Learning Arabic at Home with Rosetta Stone
Disclosure: I received this product for free in order to do the review. I was compensated for my time in creating the review. All of the opinions are my own and I was not required to write a positive review.
We’ve been using Rosetta Stone for our language learning for many years. Our high school senior studied French when he was in late elementary when Rosetta Stone was still available through our public library. Almost two years ago, I purchased Rosetta Stone Latin American Spanish for the whole family. Ethan has taken Arabic in the past and was excited to revisit it and complete a whole credit for high school foreign language. Rosetta Stone rounds out his experience very well so, let me explain more about Learning Arabic at Home with Rosetta Stone.
Homeschool Lessons with Rosetta Stone Arabic
With all the languages available to study through Rosetta Stone, why did we choose Arabic? We chose it because Ethan, our senior, has taken Arabic in the past and he wanted to add to his credit count in this language. His first experience was a co-op class and he also took Arabic from a native speaker in Egypt. The key to learning with Rosetta Stone is the immersion in the language.
- Language Immersion– If you talk to anyone who has visited a foreign country and lived there for any length of time, they often come home speaking somewhat fluently. Why is it that students who study a foreign language for years in a classroom may never speak that language fluently? Immersion. When you are forced to use only the new language, you get good at it quickly! Rosetta Stone uses the way baby’s learn their first language to teach a new one and that is a form of immersion. From the comfort of your own home.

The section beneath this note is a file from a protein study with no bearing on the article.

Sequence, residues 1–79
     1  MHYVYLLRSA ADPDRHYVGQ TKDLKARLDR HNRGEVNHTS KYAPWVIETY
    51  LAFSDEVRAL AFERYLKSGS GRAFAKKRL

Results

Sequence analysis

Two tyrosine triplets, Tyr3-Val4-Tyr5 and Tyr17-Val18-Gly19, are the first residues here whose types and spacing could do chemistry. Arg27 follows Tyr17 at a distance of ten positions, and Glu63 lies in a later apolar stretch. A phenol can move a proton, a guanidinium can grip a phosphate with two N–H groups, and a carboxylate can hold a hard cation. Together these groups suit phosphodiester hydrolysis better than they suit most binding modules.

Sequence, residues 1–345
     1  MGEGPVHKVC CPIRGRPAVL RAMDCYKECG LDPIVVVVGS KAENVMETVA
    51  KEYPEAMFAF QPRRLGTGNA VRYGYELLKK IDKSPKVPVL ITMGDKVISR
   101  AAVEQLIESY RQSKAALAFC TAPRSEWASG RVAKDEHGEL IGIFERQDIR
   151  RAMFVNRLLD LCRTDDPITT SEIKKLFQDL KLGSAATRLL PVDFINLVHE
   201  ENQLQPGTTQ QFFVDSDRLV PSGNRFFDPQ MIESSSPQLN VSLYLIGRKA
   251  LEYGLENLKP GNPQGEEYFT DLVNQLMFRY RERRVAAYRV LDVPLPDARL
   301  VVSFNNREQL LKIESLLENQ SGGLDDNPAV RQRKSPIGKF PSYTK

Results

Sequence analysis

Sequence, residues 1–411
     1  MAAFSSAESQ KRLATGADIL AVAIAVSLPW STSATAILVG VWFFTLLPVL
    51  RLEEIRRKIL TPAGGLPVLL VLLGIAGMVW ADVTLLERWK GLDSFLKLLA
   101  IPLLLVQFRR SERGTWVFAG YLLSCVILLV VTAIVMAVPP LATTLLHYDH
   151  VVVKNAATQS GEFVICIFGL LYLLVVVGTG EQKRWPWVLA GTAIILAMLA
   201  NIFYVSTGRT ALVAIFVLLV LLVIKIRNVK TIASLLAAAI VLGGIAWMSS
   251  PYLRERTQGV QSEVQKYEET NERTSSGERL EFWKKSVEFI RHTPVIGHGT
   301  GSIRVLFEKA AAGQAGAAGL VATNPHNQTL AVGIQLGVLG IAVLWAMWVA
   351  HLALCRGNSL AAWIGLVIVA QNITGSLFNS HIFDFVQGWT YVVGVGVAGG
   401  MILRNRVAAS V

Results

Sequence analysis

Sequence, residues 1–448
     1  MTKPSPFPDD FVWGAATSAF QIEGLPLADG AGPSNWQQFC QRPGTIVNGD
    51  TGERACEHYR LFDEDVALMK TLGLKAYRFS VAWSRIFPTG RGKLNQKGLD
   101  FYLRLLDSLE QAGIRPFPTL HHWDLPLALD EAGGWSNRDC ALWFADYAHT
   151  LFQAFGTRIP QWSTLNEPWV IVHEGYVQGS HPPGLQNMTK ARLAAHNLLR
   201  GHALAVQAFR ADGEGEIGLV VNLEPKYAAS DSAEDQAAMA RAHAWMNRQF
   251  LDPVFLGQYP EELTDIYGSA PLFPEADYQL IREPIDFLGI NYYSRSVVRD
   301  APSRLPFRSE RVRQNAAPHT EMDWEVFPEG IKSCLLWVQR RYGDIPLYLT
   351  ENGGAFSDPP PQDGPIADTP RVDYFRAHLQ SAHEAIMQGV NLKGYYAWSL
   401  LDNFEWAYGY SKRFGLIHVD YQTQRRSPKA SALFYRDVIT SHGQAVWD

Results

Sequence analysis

- Self-Paced & Self-Guided Lessons– Once you sit down to begin a lesson, you’ll hear the narrator say words and you must match them to the pictures based on the cues. Your student’s job is to repeat words for pronunciation and identify others with the pictures they go with.
- Hear Arabic Words & See Them Written– in the Arabic alphabet. Arabic is a fun language to pursue because the alphabet is completely new.
- Homeschool Resource CD– which comes with the homeschool edition has a written transcript for everything spoken in each level.
Benefits of Learning Arabic with Rosetta Stone Homeschool
We chose Rosetta Stone over other language experience years ago for specific reasons, so my benefit list is long.
- Use with Multiple Students– You can have up to five profiles on one homeschool version set. Right now I have one student studying Arabic and Spanish and another working through Spanish.
- Easy to Install– It only takes a few minutes on the computer or you can purchase a web based version so you can learn languages on the go!
- Comes with its Own Headset– This may seem trivial, but I have to tell you this is one nice headset! I use it for all my online recordings as well like G+ Hangouts and webinars.
- Pay a One Time Fee– Rather than paying for classes and paying for each child, you can purchase more than one level at a time and it can be used for your whole family for the duration of their language studies. We chose a language all of our kids could learn for this reason. The bonus is being able to choose others if we’d like.
- Self-Paced Lessons for All– Each student can reach milestones during each level at their own pace.